This unit will take approximately 3-4 weeks to complete.This unit was created to give students a hands-on experience when learning and exploring data analysis.
About the Unit:
Problem solving in an important focal point in the mathematics curriculum. Students can learn problem-solving strategies by working and learning with their peers, as well as becoming engaged in meaningful discourse in small and large group experiences. Getting students to attempt different processes and strategies to solve problems with increase their problem solving skills.
Links to research:
Uslick & Barr (2001) state: “children learn best by doing activities that they enjoy” (p. 392). In this unit, students will be given several opportunities to collect, represent, and analyze data. It is important that students experience how statistics are produced, the different ways they are displayed, and what kind of information can be understood from analyzing graphs, such as single and double bar graphs. Capraro et al. (2005) affirm that “students should have many experiences in making data tables and graphs, as well as using them to describe a variety of patterns and relationships” (p. 165).
Graphing is visual way of presenting information. An excellent way of explaining the use and importance of graphs is verified by Capraro et al. (2005): “The purposes for graphing lie in the conveyance of numerical data in a visual form…and in conveying to the reader the patterns and/or irregularities present in the data that may or not be evident in the table form" (p. 165).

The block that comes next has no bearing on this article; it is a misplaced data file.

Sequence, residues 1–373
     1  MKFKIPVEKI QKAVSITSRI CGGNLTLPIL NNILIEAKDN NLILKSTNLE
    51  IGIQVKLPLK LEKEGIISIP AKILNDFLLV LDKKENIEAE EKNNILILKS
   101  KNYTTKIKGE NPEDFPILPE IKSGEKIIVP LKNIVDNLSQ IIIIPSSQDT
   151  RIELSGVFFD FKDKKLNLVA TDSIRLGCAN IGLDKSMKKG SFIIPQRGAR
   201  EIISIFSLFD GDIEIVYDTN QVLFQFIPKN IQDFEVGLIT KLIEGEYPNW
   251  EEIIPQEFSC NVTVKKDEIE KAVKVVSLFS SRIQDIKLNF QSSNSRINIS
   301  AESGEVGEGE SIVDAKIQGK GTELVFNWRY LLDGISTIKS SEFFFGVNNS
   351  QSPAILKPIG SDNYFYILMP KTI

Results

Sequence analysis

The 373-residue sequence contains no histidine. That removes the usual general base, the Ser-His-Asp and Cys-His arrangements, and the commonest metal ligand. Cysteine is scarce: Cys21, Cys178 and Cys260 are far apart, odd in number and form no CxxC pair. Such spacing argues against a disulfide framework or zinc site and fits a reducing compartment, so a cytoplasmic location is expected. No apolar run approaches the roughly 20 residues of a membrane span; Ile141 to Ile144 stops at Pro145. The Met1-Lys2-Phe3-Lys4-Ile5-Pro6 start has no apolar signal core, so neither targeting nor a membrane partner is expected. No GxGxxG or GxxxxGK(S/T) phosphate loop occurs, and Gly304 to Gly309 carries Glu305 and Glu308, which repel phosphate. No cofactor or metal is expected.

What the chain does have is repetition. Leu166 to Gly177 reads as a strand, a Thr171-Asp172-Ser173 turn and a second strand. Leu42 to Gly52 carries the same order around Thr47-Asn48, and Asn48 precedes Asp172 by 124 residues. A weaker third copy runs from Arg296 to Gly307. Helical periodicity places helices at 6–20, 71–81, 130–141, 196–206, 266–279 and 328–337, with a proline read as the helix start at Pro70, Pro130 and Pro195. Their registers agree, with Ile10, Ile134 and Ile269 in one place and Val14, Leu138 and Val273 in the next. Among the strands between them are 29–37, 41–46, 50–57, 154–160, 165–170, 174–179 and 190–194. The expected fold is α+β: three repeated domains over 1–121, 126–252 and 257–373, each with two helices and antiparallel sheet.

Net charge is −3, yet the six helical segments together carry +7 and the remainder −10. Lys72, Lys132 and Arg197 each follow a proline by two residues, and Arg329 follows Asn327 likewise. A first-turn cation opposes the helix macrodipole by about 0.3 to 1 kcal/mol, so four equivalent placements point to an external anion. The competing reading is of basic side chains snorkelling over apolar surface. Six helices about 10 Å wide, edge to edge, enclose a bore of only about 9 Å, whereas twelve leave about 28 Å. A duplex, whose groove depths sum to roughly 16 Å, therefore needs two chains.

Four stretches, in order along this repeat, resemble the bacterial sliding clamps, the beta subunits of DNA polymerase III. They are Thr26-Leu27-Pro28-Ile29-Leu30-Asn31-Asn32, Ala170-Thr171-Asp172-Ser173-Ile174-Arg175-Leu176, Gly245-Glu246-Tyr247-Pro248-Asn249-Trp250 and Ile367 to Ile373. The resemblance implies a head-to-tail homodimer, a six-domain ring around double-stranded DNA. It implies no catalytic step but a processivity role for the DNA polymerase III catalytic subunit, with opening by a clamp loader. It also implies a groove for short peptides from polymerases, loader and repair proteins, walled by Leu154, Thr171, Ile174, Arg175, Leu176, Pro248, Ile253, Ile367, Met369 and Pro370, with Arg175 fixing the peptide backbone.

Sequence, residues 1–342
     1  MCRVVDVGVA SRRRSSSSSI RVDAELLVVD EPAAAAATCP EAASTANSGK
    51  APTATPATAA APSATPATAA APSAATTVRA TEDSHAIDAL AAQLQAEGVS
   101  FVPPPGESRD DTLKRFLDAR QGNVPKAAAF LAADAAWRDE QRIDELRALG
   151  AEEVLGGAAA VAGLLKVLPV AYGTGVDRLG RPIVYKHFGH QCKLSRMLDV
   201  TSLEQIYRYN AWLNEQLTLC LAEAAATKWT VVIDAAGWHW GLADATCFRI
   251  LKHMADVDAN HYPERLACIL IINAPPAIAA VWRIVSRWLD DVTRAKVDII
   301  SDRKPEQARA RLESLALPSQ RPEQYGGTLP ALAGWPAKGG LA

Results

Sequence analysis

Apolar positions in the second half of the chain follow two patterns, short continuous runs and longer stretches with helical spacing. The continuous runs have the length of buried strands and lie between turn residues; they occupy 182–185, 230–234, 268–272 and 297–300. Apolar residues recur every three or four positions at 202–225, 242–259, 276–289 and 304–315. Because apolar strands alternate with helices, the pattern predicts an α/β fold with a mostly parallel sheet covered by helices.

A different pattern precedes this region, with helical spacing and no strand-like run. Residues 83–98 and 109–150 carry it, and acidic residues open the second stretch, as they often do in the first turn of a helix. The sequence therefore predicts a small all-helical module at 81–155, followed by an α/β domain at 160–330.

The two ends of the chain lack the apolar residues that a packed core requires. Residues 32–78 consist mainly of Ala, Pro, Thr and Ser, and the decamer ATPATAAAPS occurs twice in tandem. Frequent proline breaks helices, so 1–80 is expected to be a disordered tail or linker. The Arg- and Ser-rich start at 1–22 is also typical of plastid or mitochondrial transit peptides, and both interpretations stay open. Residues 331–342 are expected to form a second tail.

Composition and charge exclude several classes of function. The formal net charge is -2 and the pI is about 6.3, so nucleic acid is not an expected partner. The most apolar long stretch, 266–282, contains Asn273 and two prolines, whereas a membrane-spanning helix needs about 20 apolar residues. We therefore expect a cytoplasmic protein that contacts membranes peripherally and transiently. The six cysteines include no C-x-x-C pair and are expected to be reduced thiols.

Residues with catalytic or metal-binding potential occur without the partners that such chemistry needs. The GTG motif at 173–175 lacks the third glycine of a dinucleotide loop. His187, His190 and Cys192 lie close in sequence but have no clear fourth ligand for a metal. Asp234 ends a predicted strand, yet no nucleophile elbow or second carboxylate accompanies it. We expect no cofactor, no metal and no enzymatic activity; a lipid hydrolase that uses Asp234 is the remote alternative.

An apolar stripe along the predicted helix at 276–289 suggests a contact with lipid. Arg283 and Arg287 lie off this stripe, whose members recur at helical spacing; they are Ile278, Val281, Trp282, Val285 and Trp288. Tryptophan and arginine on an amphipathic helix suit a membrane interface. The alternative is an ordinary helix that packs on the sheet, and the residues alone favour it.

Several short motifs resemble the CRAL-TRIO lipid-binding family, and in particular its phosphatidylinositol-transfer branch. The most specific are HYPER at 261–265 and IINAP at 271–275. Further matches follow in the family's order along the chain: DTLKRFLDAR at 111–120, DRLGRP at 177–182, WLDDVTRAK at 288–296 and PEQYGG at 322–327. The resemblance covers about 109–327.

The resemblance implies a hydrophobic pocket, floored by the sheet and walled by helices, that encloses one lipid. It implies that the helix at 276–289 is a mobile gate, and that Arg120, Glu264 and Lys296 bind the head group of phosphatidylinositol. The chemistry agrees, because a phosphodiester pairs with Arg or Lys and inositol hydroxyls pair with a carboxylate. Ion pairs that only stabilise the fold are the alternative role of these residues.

One goal for this unit is for students to understand double bar graphs, its purpose and use, as well as to determine when a double bar graph is best utilized. Capraro et al. explain that “One of the most important decisions for students to make in the construction of a graph is determining which visual method should be used to answer the question presented” (p. 165). By providing the students with multiple experiences and examples of when to use and not to use double bar graphs then they will grasp a better understanding of the model and be able to apply their learning when given a problem to represent data that compares two variables (e.g. boys versus girls). Capraro et al. describe how students will choose a graph to display specific data without knowing the rationale behind the graph or how the audience with perceive graph. “Most students constructed the graph that was most familiar to them or their favorite, with little notion of its use or interpretability for the task at hand” (p. 169).